The first of this year’s migrating humpback whales have been spotted off Narooma on their northerly migration to warmer waters for the winter.
Meanwhile, a number of agencies including Roads and Maritime Services, Marine Parks and Fisheries under the supervision of National Parks and Wildlife Service conducted whale disentanglement training on Wagonga Inlet earlier this week in preparation for the upcoming whale season.
Dalmeny residents Jonathon Poyner and Chris Smith both spotted the same two humpback whales at Dalmeny on Wednesday afternoon, however as is normally the case these whales are in a hurry to head north and didn’t hang around.
“There were swimming quite fast in a northerly direction,” said Mr Poyner, who spotted the whales from the viewing platform on the Dalmeny headland, along with a group of excited tourists.
Mr Smith operates a charter company but just happened to see the whales from his home at Dalmeny, around the same time was the observation off the platform. He also spotted another two humpbacks three days prior.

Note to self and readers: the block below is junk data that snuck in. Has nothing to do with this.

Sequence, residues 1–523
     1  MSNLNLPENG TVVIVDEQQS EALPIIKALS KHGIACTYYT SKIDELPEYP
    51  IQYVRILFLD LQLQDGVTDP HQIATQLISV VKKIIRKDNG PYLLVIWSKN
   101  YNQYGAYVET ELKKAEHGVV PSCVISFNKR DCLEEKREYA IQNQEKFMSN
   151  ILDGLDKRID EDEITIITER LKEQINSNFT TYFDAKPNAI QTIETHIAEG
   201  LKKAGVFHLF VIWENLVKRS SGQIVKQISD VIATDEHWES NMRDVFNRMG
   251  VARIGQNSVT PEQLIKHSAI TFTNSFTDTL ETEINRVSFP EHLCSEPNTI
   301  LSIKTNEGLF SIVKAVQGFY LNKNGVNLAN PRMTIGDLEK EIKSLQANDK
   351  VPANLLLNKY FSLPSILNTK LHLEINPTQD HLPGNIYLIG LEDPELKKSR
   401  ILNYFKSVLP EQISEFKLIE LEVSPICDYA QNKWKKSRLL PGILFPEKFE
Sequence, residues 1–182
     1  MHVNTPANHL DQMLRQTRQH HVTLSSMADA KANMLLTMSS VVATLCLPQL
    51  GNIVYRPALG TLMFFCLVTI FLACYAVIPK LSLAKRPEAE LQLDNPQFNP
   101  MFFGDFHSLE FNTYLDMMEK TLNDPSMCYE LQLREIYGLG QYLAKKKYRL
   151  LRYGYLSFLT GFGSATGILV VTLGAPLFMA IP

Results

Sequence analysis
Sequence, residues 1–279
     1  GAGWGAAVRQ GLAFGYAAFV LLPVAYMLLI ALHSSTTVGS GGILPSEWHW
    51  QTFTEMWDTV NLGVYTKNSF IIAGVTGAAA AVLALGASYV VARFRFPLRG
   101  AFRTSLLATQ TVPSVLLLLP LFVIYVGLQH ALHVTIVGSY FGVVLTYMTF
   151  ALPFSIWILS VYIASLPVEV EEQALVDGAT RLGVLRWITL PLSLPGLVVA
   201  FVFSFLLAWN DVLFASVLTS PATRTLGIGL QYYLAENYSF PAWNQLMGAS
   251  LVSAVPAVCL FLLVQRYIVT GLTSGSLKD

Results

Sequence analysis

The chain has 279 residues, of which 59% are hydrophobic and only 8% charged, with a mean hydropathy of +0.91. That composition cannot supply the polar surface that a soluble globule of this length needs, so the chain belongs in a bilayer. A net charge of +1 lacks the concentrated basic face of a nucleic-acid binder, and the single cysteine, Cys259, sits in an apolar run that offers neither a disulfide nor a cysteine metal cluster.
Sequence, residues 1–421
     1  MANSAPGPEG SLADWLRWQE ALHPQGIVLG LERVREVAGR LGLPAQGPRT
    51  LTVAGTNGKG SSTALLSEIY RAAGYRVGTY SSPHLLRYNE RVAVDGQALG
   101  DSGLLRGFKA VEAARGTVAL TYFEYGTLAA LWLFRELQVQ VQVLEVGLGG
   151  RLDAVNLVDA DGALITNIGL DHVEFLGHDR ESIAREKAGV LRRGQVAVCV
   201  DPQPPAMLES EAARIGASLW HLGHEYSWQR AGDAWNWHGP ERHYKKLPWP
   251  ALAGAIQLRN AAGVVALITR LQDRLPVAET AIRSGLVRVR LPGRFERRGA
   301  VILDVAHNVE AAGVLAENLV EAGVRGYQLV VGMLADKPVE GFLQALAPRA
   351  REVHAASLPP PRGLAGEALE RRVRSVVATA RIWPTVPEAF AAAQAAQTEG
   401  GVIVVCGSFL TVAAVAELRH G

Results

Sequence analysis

The first whale sightings on the Wild About Whales app came as early as five weeks ago from Jervis Bay to Coffs Harbour, which was very early in the year, Mr Poyner said.
Whale watching trips however don’t really begin until late August or early September when the first of the humpbacks appear off the Far South Coast on their southerly migration back down to Antarctica, which is when they come in closer, are usually more relaxed and easy to observe.
Charter boat operators such as Nick Ingersole said there increasing numbers of whale every year and they also seemed to be coming through a lot earlier, both in May on their northerly journey but also earlier in August on their southerly journey.
Anyone spotting a whale is encouraged to log their sighting on the Wild About Whales app available here at https://www.wildaboutwhales.com.au/app